It was impressive to see how many people had made the effort to appear in wartime dress, with many impressive wartime hairstyles and at least two vintage prams for young children. Periodically the military vehicles drove through the streets in convoy, past houses with taped windows and bunting.

The Aux Units part of the village’s history came as a surprise to some, with the D-Day map room and HQ being perhaps more famous. We’ve been asked back again next year…

(Report by Dr Will Ward – CART Dorset) Images by the team. 


Mar 062017

Many of you kindly donated to our new website fund near the end of last year and we wanted to update you on the progress.

After raising the funding needed we signed a contract with an independent website developer who had been working on the planning stages of the project with us for over a year. The initial cost for a complete site rebuild was quoted between £12,000 and £30,000 but our developer was hopeful he could deliver this for the amount we had raised. As a sole trader he had very few business overheads. The original plan was that the site would be complete by November 2016.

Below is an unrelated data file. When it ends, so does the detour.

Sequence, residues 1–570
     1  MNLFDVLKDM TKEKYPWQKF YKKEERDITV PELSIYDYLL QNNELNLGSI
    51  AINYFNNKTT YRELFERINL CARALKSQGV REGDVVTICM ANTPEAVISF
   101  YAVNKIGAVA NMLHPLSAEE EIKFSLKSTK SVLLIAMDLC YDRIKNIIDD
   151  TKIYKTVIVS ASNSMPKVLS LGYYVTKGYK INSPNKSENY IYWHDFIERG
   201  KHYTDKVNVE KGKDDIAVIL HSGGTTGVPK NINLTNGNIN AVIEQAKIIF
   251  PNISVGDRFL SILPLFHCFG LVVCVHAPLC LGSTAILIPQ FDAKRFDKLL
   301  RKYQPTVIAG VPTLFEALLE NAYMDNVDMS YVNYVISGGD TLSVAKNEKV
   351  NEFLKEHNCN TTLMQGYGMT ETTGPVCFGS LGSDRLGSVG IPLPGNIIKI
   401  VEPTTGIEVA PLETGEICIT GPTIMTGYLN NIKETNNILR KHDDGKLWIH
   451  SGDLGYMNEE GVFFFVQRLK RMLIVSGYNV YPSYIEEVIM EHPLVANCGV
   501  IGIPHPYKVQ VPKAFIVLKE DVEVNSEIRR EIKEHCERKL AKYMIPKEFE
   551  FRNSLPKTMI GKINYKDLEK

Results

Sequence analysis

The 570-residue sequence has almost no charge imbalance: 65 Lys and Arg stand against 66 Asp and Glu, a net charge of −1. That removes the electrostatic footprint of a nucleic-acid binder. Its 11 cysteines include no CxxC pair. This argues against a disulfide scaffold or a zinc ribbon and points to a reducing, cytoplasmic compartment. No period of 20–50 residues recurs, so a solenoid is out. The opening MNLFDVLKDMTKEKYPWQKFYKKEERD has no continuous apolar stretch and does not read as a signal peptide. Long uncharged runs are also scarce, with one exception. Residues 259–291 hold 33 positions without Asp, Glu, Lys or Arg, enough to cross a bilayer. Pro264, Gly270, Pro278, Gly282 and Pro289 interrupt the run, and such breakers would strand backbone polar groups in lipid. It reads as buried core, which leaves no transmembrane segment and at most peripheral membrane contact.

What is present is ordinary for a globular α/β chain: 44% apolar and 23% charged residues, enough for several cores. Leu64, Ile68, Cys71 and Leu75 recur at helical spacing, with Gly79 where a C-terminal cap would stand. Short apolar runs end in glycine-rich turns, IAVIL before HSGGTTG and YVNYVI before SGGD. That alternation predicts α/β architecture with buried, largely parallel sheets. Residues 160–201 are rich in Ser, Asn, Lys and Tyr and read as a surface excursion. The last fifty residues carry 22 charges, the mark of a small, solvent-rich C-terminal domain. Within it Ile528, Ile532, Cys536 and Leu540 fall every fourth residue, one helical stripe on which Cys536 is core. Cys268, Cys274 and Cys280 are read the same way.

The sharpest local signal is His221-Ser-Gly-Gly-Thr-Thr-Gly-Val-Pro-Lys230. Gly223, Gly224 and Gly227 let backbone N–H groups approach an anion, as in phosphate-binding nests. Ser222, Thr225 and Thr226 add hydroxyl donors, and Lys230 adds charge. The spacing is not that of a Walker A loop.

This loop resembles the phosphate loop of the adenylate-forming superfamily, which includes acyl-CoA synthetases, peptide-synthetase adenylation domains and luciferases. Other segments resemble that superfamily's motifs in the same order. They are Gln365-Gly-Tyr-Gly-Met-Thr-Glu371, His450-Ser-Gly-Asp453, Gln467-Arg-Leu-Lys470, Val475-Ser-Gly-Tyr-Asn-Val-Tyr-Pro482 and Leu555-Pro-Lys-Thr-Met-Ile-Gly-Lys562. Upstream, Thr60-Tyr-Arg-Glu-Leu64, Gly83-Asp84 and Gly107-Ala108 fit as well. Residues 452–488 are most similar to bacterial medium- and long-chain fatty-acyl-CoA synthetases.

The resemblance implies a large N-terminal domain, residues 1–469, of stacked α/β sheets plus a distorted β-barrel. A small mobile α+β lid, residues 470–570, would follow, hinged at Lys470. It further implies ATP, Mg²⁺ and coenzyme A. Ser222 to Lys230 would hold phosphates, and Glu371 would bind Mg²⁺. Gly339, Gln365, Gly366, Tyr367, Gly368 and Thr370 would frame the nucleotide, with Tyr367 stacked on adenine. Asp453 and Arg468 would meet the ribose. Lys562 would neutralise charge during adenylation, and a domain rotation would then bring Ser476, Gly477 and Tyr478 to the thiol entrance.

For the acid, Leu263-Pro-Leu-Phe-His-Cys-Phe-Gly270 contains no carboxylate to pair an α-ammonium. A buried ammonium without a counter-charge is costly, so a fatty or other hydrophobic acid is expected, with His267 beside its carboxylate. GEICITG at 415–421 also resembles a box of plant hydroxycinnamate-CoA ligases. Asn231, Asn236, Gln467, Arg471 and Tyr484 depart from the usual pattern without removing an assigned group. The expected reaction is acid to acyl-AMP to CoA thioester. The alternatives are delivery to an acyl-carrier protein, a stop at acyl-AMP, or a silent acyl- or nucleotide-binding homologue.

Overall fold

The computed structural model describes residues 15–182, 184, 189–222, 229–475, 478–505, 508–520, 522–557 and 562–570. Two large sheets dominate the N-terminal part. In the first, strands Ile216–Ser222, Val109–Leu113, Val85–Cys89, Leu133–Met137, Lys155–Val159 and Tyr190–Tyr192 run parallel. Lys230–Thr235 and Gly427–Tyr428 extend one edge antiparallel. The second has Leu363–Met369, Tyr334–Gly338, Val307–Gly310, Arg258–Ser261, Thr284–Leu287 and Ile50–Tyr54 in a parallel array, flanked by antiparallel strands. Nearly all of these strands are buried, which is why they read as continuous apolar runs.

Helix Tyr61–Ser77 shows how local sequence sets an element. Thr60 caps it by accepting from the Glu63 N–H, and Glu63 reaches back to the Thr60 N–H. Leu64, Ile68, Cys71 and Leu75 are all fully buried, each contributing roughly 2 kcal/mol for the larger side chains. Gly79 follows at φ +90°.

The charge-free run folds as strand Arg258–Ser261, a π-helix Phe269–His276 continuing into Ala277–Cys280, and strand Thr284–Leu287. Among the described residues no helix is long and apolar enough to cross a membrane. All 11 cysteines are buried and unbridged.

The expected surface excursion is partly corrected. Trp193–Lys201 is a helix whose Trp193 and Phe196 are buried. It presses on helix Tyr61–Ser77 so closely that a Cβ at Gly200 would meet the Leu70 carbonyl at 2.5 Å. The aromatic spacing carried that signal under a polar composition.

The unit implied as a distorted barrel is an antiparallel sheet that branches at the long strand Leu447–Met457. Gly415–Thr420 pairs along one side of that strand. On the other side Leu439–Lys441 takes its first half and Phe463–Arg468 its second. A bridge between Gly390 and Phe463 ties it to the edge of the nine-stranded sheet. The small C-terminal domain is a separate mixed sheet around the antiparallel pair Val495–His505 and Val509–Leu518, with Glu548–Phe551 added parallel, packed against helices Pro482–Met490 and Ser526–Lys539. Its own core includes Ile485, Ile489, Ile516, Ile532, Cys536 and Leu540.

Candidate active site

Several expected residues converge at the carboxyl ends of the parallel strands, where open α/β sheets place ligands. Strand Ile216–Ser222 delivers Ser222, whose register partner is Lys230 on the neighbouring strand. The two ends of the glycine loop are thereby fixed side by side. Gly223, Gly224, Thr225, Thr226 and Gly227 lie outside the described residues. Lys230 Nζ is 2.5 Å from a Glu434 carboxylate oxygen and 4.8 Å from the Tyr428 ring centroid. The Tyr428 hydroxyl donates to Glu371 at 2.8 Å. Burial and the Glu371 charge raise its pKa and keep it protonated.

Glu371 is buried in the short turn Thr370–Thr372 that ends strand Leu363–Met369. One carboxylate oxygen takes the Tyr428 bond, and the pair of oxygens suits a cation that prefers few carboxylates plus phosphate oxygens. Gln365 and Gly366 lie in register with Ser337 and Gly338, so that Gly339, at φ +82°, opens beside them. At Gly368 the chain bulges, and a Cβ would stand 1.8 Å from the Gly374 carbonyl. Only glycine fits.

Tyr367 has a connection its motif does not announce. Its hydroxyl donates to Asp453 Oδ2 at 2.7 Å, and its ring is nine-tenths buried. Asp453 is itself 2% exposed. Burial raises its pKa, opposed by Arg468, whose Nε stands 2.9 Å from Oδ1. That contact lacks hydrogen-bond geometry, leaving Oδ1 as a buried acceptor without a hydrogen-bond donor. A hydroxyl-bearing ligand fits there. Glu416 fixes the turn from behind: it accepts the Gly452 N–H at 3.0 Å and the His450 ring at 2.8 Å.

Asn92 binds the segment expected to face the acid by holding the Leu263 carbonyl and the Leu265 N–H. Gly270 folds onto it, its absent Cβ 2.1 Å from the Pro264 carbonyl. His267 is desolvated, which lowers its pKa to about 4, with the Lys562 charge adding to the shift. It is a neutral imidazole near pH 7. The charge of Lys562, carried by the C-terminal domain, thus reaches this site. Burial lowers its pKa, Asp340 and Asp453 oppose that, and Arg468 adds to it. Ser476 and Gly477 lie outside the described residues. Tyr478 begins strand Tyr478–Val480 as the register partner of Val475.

Much progress has been made on the back end side of the website and the new patrol report took a lot longer to develop and code than anyone expected.

Last month we sadly learnt that our developer had decided to leave self employment and take on a full time role and this has left us no real choice but to transfer the development to a new company. We would like to thank him for all the unpaid work he has conducted to date and wish him all the best in his future job.

We’re hoping at this stage that a new contract will be signed by the end of March 2017 and work can continue without any additional fund raising needed.

We’re still working with the sites Graphic Designer who has come up with some really cracking new visuals.

Thank you for all your generous donations and on going support for our work. We apologise for the delay in delivering what will be be a much more user friendly, mobile friendly and lasting legacy to the men and women of the British Resistance Movement.

Aug 012016

Coleshill Fire 1This morning our Coleshill researcher Bill Ashby visited the site and spoke to the fire crew and National Trust site management.Coleshill Fire 2
Luckily the fire was held back and did not spread into the end house. By entering the Commandants Offices and making a hole in the ceiling of the Typists room the Fire service were able to pour water on the fire without causing any other damage. This meant the fire was kept to the section we know as the “Accommodation Block”.

The cause of the fire is still being examined.

Jul 312016

More than 50 firefighters and eight fire engines were called out to the blaze at GHQ Coleshill, at about 04:30 am this morning.